Jonathan Ryan, an immigration lawyer who runs the San Antonio-based nonprofit RAICES, works with CARA to help coordinate pro-bono legal representation for women and children detained at the privately run immigration lockup in Dilley, the desolate South Texas town where asylum seekers targeted by ICE raids were sent this week. Ryan told the Houston Press that legal nonprofits can't keep up with the demand for services, and that private attorneys either charge too much or aren't versed in how to file asylum cases, meaning many asylum seekers are forced to brave the immigration court system on their own.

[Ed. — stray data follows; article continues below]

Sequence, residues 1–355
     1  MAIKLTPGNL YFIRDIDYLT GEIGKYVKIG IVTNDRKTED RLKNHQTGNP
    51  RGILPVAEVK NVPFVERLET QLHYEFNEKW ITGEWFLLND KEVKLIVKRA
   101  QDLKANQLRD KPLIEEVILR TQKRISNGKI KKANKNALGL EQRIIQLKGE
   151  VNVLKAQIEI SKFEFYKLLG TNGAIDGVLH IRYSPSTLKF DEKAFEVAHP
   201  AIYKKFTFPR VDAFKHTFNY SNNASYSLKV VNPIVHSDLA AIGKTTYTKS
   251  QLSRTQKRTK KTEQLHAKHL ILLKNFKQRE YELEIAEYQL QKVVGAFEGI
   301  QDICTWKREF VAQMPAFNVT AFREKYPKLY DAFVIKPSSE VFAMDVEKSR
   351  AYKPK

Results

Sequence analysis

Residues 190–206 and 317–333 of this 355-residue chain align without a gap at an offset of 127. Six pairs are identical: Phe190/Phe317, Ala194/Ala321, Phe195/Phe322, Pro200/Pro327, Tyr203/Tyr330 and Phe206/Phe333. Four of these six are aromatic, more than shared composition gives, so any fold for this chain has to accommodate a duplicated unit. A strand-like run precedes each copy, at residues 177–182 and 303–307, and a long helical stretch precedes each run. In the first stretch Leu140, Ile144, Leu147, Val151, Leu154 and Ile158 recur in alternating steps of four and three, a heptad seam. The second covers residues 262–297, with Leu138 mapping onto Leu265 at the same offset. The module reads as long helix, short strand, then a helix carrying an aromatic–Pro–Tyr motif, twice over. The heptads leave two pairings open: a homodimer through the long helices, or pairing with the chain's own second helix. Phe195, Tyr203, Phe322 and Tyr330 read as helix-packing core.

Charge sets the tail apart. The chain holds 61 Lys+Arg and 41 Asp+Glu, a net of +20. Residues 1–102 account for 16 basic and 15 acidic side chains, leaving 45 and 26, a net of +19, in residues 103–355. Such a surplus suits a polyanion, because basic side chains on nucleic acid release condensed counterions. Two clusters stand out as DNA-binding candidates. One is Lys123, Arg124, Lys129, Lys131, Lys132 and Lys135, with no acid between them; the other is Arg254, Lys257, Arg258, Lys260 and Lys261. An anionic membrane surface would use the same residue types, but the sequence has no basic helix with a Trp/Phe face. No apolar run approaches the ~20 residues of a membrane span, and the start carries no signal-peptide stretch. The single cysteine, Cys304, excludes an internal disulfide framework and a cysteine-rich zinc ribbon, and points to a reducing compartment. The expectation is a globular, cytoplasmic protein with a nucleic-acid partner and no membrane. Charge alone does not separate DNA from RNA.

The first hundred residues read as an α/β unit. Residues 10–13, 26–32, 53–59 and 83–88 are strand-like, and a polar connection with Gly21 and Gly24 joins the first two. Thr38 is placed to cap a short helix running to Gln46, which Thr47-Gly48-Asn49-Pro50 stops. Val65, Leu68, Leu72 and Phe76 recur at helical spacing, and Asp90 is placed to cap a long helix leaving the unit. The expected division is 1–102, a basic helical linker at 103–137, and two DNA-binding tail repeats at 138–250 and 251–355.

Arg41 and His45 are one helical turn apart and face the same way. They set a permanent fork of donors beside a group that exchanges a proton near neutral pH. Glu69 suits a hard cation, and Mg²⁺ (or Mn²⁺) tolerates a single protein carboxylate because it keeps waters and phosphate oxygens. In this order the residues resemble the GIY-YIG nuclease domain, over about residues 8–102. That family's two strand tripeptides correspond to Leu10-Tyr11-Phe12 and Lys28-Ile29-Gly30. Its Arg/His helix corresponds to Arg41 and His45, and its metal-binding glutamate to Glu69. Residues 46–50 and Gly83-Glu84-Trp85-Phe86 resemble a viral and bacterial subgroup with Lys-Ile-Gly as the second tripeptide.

“It's not a surprise to me that people aren't able to win their cases by themselves,” Ryan said. “How could they themselves put together what I've been training for, oh, I don't know, 15 years to be able to do?”

While the Obama administration says the asylum seekers being deported this week have exhausted every legal recourse, Denise Gilman, who directs the University of Texas's immigration law clinic and visited the women and children in detention this week, told the Press, “That is not what I saw.”